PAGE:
NASA: Asteroid and comet to fly ‘close’ by Earth Wednesday

Grab your telescope and get ready – an asteroid will make a very close approach to the Earth Wednesday.

Close is a relative term though.

As seen through the Arecibo Observatory’s radiotelescope, asteroid 2014 JO25 is set to make a close pass to Earth Wednesday. Arecibo, Puerto Rico, April 17, 2017 | Photo courtesy of Aricebo Observatory/NASA, St. George News

In astronomical terms, peanut-shaped 2014 JO25 will fly within 4.6 lunar distances of the Earth. Since the distance from the Earth to the Moon is approximately 236,000 miles, this means 2014 JO25 will miss the earth by a margin of 1.1 million miles.

Right next door, really, when you think of the vast universal distances.

The asteroid is approximately 2,000 feet in size. It’s the closest an asteroid of any size has come to the Earth since 3.1 mile wide Asteroid Toutatis waved hello in September 2004 on its way by.

Asteroid 2014 JO25 will be visible starting Wednesday in the night sky in small optical telescopes for one or two nights. Its surface is twice as reflective as the moon, and should brighten to magnitude 11.

Brightness of stars is assigned a number starting with the brightest star at about -1 magnitude. Dimmer stars are zero or positive numbers. The larger the number means the dimmer the star is. A star -1 magnitude is brighter than a star 0 magnitude.

Watch the video animation from NASA showing the flyby in the video player above

The asteroid was discovered in May 2014 by astronomers at the Catalina Sky Survey near Tucson, Arizona — a project of NASA’s NEO Observations Program in collaboration with the University of Arizona.

Small asteroids pass within this distance of Earth several times each week, so there really is nothing to worry about.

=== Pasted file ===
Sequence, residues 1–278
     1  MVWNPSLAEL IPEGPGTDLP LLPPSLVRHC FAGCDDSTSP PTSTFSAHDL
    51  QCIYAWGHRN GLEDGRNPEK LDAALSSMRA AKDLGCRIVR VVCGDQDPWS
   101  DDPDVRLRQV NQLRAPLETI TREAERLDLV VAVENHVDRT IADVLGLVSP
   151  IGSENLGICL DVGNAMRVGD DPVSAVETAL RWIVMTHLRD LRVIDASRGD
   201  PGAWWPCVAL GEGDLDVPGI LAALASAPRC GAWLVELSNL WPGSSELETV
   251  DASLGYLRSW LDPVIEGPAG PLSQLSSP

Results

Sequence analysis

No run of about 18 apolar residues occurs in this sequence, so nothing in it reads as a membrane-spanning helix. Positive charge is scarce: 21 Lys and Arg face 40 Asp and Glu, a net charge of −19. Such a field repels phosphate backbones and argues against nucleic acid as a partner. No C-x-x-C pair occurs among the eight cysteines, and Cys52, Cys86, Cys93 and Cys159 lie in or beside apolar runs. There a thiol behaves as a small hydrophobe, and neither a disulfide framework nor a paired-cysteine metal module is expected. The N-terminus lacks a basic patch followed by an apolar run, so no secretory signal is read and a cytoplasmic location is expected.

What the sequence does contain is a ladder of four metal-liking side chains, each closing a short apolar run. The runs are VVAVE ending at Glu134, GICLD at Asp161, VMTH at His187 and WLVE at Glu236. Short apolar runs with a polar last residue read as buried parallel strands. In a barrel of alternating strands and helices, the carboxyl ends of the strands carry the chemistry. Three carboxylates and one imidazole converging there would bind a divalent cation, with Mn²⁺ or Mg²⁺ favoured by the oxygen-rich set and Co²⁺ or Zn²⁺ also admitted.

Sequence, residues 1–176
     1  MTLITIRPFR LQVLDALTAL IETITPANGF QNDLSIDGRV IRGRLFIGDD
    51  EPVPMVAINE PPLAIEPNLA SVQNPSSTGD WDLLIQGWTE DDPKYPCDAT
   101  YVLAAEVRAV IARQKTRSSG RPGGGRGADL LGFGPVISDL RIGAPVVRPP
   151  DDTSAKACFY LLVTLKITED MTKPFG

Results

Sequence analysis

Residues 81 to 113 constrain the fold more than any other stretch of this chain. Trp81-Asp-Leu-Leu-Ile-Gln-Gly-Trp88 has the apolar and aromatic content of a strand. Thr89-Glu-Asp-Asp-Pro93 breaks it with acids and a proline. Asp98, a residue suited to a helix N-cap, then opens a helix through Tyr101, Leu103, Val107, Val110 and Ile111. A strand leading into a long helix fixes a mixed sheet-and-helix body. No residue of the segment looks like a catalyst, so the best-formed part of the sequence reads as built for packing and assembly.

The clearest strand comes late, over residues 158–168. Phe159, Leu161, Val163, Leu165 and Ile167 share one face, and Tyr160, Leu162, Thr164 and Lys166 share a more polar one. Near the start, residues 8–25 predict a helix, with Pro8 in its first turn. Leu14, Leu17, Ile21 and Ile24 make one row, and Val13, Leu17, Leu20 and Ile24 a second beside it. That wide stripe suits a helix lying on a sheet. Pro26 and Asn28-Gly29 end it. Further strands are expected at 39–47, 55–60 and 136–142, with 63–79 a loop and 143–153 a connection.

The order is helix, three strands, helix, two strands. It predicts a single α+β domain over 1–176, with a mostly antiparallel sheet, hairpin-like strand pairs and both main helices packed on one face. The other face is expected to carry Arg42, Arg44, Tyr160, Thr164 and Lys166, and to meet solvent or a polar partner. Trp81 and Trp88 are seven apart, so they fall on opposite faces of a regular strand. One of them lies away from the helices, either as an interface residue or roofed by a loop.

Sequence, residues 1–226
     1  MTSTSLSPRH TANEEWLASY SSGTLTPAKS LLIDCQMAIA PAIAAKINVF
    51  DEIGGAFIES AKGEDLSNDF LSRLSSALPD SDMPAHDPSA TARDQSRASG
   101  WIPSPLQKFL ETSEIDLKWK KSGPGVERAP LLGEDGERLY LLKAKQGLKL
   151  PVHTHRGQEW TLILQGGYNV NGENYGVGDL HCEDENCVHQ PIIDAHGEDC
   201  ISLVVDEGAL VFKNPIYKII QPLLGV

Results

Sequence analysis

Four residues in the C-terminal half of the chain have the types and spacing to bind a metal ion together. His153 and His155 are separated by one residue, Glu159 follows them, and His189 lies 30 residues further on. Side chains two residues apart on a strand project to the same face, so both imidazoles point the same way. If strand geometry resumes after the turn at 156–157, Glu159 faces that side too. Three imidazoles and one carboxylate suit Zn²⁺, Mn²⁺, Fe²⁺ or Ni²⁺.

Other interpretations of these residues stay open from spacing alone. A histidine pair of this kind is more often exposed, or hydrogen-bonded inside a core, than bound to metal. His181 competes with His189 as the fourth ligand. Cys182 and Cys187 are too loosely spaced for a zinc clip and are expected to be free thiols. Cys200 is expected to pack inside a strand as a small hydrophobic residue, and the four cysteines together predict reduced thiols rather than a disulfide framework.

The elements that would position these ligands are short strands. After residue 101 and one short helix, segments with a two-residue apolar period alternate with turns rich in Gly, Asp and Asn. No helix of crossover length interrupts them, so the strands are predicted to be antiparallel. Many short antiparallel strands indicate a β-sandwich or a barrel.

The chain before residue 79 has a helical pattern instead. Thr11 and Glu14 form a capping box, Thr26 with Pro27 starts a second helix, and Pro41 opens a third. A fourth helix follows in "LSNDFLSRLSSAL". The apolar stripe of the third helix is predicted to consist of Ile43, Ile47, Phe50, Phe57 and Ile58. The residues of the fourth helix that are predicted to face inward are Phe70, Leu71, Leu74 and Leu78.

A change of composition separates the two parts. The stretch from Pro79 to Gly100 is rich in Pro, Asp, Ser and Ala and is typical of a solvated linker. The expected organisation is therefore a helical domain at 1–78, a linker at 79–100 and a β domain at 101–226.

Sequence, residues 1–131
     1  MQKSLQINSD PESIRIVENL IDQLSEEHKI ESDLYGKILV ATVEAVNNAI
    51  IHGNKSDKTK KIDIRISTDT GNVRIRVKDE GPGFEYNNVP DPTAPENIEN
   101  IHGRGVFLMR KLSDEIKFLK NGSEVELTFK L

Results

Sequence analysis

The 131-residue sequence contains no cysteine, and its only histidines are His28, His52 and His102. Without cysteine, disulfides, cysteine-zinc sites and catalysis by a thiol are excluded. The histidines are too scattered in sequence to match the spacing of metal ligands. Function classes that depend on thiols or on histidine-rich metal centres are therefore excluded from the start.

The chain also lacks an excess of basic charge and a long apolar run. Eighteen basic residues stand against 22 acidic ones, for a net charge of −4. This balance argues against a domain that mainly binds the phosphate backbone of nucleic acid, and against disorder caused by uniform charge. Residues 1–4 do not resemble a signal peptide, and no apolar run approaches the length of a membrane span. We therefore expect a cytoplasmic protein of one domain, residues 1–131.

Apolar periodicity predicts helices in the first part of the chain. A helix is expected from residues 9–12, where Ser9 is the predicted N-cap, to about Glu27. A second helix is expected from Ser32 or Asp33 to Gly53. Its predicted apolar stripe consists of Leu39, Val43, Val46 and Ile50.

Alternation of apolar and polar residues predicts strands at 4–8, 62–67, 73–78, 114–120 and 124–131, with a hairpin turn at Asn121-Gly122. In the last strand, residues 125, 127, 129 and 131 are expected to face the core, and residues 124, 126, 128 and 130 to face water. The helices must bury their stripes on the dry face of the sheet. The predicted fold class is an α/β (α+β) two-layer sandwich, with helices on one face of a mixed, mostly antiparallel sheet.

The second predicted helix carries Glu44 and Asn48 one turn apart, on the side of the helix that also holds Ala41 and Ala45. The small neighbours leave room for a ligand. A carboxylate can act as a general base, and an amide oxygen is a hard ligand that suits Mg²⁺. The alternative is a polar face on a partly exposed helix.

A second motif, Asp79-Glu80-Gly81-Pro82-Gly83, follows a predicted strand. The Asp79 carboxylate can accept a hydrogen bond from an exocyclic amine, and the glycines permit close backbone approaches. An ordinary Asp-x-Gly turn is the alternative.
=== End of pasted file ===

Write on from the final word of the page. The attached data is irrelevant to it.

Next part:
The next known encounter of an asteroid of comparable size will occur in 2027 when the half-mile-wide asteroid 1999 AN10 will fly by at one lunar distance, about 236,000 miles (380,000 kilometers).

The encounter is providing an outstanding opportunity to study this asteroid, and astronomers plan to observe it with telescopes around the world to learn as much about it as possible.

Radar observations are planned at NASA’s Goldstone Solar System Radar in California and the National Science Foundation’s Arecibo Observatory in Puerto Rico. The resulting radar images could reveal surface details as small as a few meters.

This is the closest 2014 JO25 has come to Earth for about 400 years and will be its closest approach for at least the next 500 years.

Also on Wednesday, the comet PanSTARRS will have its closest approach to Earth, at a very safe distance of 109 million miles.

A faint fuzzball in the sky when it was discovered in 2015 by the Pan-STARRS survey team using a telescope on the summit of Haleakala, Hawaii, the comet has brightened considerably due to a recent outburst and is now visible in the dawn sky with binoculars or a small telescope.


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  • John April 19, 2017 at 7:45 am

    For people who have a telescope at least 4-inches in diameter and who want to see it: The inexpensive app SkySafari will show the asteroid among the stars and let you point your telescope precisely to it, and there are detailed maps at the Sky and Telescope website (, or Google “See a Potentially Hazardous Asteroid From Your Backyard”). It will be at best visibility this evening and you can watch it move. Good luck!

  • sagemoon April 19, 2017 at 9:33 am

    So cool! I love this kind of news.

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